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|کد مقاله||سال انتشار||تعداد صفحات مقاله انگلیسی||ترجمه فارسی|
|6764||2007||17 صفحه PDF||سفارش دهید|
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Publisher : Elsevier - Science Direct (الزویر - ساینس دایرکت)
Journal : The Journal of Socio-Economics, Volume 36, Issue 3, June 2007, Pages 463–479
This paper is concerned with defining the characteristics of behavioral economics (BE), identifying the different strands of BE, and carefully comparing BE to mainstream economics (ME). The job of comparison is first to identify the key dimensions (related to its approach to science) along which BE, and its different strands, differs from ME, and second to use these dimensions to illustrate the differences. The dimensions selected for this use are: (1) narrowness, (2) rigidity, (3) intolerance, (4) mechanicalness, (5) separateness, and (6) individualism. After using these dimensions to characterize ME, they are used to characterize BE's strands.
Quite a few economists identify themselves as behavioral economists these days. Although they share common characteristics, they do behavioral economics (BE) in significantly different ways. Many of them would be hard pressed to articulate exactly what it is that makes them behavioral economists (BEs). And some might be very skeptical that there are any clear defining features of BE. So what is BE? This paper is concerned with defining the characteristics of BE, identifying the different strands of BE, and comparing BE to mainstream or orthodox economics. A key part of the paper involves identifying a number of dimensions useful for comparing the different strands of BE with other types of economics. An important question here is: is BE an economic school of thought? It is noteworthy that BE is not strongly associated with a political economic ideology or particular substantive propositions as is the case with some other economic schools of thought. What distinguishes BE is its scientific practices and its guiding notions of what good scientific practice ought to be. In other words, BEs practice and espouse scientific methods that are different, at least, from those typical of mainstream economics. To understand this, it is necessary first to gain some perspective by reviewing some important concepts from the philosophy of science, especially its application to economics (economic methodology).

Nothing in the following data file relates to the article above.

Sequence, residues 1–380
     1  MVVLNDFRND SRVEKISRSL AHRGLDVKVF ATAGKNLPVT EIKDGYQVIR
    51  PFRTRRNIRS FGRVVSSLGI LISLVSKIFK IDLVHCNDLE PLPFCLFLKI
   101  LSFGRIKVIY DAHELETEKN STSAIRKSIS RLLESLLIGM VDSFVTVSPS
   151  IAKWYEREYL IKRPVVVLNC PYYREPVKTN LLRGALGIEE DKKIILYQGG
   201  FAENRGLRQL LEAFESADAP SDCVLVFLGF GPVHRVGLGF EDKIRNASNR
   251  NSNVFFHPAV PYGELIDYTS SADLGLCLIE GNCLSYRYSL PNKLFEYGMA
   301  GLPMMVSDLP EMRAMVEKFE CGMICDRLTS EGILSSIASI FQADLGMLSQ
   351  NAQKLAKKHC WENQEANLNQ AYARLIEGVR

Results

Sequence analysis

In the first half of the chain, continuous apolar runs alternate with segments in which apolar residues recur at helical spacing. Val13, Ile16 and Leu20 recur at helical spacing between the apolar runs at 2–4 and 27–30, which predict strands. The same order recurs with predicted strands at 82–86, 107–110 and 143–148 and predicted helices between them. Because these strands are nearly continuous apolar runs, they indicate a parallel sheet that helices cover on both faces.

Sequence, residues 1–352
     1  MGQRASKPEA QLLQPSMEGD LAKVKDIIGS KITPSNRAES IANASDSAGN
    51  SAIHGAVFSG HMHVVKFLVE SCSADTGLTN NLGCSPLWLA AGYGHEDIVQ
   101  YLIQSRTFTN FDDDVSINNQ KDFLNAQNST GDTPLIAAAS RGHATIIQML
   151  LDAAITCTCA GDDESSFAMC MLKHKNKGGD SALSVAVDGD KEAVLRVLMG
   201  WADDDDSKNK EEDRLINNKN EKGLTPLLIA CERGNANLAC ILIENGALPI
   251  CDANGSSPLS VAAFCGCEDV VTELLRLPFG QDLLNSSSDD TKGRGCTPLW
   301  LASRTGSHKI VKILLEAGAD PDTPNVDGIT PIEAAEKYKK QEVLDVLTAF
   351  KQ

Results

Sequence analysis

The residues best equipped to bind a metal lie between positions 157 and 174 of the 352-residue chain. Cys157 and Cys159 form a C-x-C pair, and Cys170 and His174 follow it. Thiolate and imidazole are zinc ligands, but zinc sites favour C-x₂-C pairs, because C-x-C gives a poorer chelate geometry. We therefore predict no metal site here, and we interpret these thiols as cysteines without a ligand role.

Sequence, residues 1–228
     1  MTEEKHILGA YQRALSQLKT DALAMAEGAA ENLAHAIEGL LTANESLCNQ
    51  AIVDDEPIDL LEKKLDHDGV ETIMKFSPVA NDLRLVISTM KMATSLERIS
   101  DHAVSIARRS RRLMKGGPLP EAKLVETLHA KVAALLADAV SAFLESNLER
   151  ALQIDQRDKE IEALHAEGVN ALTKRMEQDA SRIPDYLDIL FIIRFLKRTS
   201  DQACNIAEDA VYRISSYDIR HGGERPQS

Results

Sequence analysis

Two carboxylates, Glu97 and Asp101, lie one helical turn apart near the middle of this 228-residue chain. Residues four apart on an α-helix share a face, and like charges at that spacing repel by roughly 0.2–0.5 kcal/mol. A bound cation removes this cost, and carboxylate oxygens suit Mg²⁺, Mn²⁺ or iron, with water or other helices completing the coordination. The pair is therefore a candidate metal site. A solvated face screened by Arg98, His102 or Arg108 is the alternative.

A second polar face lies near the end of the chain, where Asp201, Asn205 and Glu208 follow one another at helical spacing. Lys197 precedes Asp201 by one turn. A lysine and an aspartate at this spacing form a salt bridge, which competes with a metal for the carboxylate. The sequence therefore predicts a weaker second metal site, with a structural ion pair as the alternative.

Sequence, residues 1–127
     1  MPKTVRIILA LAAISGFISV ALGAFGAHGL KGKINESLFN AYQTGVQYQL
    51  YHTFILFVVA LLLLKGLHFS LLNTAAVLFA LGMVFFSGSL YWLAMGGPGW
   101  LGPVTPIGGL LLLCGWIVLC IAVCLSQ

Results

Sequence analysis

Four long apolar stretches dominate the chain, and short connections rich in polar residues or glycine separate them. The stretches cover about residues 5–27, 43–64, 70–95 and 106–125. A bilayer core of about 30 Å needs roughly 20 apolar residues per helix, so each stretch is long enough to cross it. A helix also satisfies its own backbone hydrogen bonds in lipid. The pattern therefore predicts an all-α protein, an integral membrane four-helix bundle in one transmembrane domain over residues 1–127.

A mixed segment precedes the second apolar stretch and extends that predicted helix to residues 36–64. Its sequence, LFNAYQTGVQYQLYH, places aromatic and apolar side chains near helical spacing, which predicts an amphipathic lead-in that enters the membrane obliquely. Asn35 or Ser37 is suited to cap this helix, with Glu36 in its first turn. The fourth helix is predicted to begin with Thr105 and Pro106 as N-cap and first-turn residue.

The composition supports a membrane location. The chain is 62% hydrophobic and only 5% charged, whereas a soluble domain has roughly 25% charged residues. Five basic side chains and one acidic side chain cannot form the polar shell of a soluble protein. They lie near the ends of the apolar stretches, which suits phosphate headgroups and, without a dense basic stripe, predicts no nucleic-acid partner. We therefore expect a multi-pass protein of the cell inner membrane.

نتیجه گیری انگلیسی
Based on our careful comparison of BE's different strands to ME as well as examination of BE's overall characteristics, this paper finds that BE is a school of thought distinguished by the fact that it is much less narrow, rigid, intolerant, mechanical, separate, and individualistic than ME. Further, many behavioral economists are strongly motivated to develop the potential of BE so that it will one day end the dominance of ME (in its present form). It would be interesting, though beyond the scope of the present paper, to compare BE to other heterodox schools of thought. Also of considerable interest is the future direction of BE. Will the different strands of BE become better integrated with each other? If so, will it happen as one or several strands of BE become dominant or will it happen in a more pluralistic way? Will BE findings and perspectives become increasingly accepted, and thus, become part of the economic mainstream? With regard to the latter question, there is evidence of movement in this direction, but the comparisons of this paper suggest that there is still a very long way to go. Another possibility is that mainstream perspectives will become increasingly part of BE. However things evolve, my hunch is that BE will become a relatively more important part of economics. My hope is that in the process, the wisdom and insight of BE pioneers such as Herbert Simon, Vernon Smith, Harvey Leibenstein and others can be kept alive.